The greatest islands in Canada, according to readers, are where you should go if you have any preconceived beliefs that you need to have a pair of worn-in hiking boots or a love of the cold to fall in love with our neighbor to the north. Although there are tens of thousands of islands in the US, our readers often choose three because they provide exceptional eating opportunities, spectacular views, and a variety of year-round activities, both on land and in the sea.
Cape Breton Island, first
One reader commended Vancouver Island (No. 3) for being a “lovely wooded coastline island.” After trekking Mount Douglas, visitors may cool down in an ice bath before receiving a massage at Ritual Nordic Spa. Although both islands are beautiful, Cape Breton has maintained its position atop the list of the greatest islands in Canada for a fifth year running.
With a variety of pathways that go through farms and the stunning coastline, Prince Edward Island (No. 2) is an excellent place to explore by bicycle. Theater and music fans may attend one of the island’s festivals, while readers of the 1908 classic Anne of Green Gables can join driving directions a themed tour to view the location where the protagonist would have resided.
This wild Nova Scotia location, which Travel + Leisure readers also named one of the world’s greatest islands, is well-known for its Indigenous culture, whale-watching, world-famous lobster rolls, and the 185-mile Cabot Trail that surrounds the island. But the island’s renowned golf courses will be familiar to golf enthusiasts. “Cabot Cliffs, Cabot Links, & The Nest: The top courses in the world are here,” one admirer comments. Many fans choose to stay in one of the resort’s 72 rooms or 19 villas, which have contemporary, airy construction that highlights the ocean and surroundings.
Prince Edward Island, second
Every journey to Cape Breton Island is a journey. From my location in rural Nova Scotia, it is a beautiful two and a half-hour journey. There are more noticeable differences when moving from metropolitan Halifax, as many do, as the city streets give place to undulating hills. But when Canadians need a respite from it all, they go to Cape Breton, a quiet gem. Although these characteristics mostly kept in what residents and “come from afar” people offer visitors: charming cafés and B&Bs, boat cruises, and breweries, it still seems rural and secluded. Every time, particularly in the autumn when the summer rush has subsided, I learn something new.
The most noticeable change, regardless of where you started, occurs near the end of the mile-long Canso Causeway, which links the mainland to Cape Breton. I know I’ve arrived when I can see windswept coastlines and lush woodland in my field of vision.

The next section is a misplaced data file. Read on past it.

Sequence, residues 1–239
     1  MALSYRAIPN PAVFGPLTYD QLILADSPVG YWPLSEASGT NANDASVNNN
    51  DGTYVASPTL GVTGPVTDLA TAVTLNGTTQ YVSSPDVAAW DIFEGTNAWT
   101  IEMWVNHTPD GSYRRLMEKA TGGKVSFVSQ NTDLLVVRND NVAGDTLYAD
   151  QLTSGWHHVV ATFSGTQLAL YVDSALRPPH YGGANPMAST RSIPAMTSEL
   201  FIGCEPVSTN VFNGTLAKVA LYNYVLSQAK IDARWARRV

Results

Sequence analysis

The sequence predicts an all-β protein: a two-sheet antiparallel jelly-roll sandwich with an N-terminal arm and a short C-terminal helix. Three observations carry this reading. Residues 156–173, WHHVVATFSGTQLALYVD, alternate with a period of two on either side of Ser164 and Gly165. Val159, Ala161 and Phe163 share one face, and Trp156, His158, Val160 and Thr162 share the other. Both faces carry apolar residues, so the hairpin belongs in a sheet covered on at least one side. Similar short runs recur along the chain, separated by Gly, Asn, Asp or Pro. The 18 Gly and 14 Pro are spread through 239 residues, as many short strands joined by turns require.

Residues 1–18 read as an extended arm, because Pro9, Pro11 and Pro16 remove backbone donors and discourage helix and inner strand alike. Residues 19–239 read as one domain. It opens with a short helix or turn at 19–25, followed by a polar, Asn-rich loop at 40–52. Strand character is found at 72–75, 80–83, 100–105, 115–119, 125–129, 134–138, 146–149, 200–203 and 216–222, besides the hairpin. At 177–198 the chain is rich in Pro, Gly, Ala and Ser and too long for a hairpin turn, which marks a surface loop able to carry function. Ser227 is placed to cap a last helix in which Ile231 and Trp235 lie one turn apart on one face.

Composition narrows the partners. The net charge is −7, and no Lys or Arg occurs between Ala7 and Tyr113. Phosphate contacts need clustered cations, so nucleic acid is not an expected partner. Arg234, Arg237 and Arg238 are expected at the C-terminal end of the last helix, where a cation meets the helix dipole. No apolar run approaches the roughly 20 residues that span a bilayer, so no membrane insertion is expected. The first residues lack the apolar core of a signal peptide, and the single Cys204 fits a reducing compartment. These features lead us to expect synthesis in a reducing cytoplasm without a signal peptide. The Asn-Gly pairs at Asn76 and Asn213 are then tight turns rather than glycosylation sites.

The Cabot Trail, a two-lane road that circles the island’s north and links its wilderness regions and numerous of its ancient villages, is the traditional route to take to see the finest of the island. Road signs are usually in both Gaelic and English, with the exception of the Acadian region of the island, where they are in French. Live music is always accompanied by a violin and a drum. Indigenous and traditional Mi’kmaq fisherman reside in tiny communities, some of which are located close to luxury resorts.
In October 2021, I paid a visit to Big Spruce Brewing, the first organic craft brewery in Nova Scotia, as part of my most recent journey to Cape Breton Island. In 2009, Jeremy and Melanie White, who had spent their honeymoon on the island years previously, made an online, sight-unseen purchase of a dilapidated property close to Bras d’Or Lake. Since hops were a successful crop for the area, they figured why not attempt brewing beer? I tried their Kitchen Party Pale Ale, which was a local pub speciality and went well with deep-fried pepperoni.
When I reached Inverness, a former coal mining community that now serves as a popular vacation spot thanks to the 2011 development of the Cabot Links Golf Resort, I continued driving northwest along the winding Cabot Trail until turning onto Route 19. My aim was Inverness Beach, which is well-known for having a lot of sea glass, which I hid in all of my coat’s pockets.
The opulent private villas at Cabot Cape Breton, constructed by renowned Halifax architect Omar Gandhi (doubles from $190), overlook the shore. Possibly the most amazing place to stay on the island is this golf resort, which is home to Cabot Cliffs, the best course in Canada. I enjoyed the fattest lobster roll I’d ever seen at the laid-back brewery at Route 19 Brewing across the street (entrées $14–$32).
I eager to eat at L’abri (entrées $16-$35), even though it had only been open for business for 18 months, as it had been completely booked during my previous visit. Mr. Chicken (entrées $8-$11) in Chéticamp is a local fast food favorite for chicken poutine, but I was eager to eat at L’abri (entrées $16-$35). Jaron Felix and Basil Doucet are the owners of L’abri. The buddies returned to their homeland to open an expensive restaurant featuring Cape Breton cuisine after becoming sick of their hectic occupations in Toronto and Halifax. I enjoyed the delicious Cajun haddock cakes as lilting French music filled the room.
It provided excellent nourishment for my next hike along Cape Breton’s Skyline Trail, a five-mile loop through scrubland that ends at a boardwalk. After almost 15 years of residing in Nova Scotia, I finally saw a moose, majestically grazing on a bush. That evening, we had dinner at the Pleasant Bay establishment famed for its rich seafood and friendly service, the Rusty Anchor Restaurant (entrées $13–$30). I gorged myself on a delicious bacon cheeseburger and Northern Emerald oysters. Later, I checked into a roomy geodesic dome at True North Destinations just down the road (doubles from $200), where my hot tub with a view of the raging Atlantic was the ideal post-hike treat.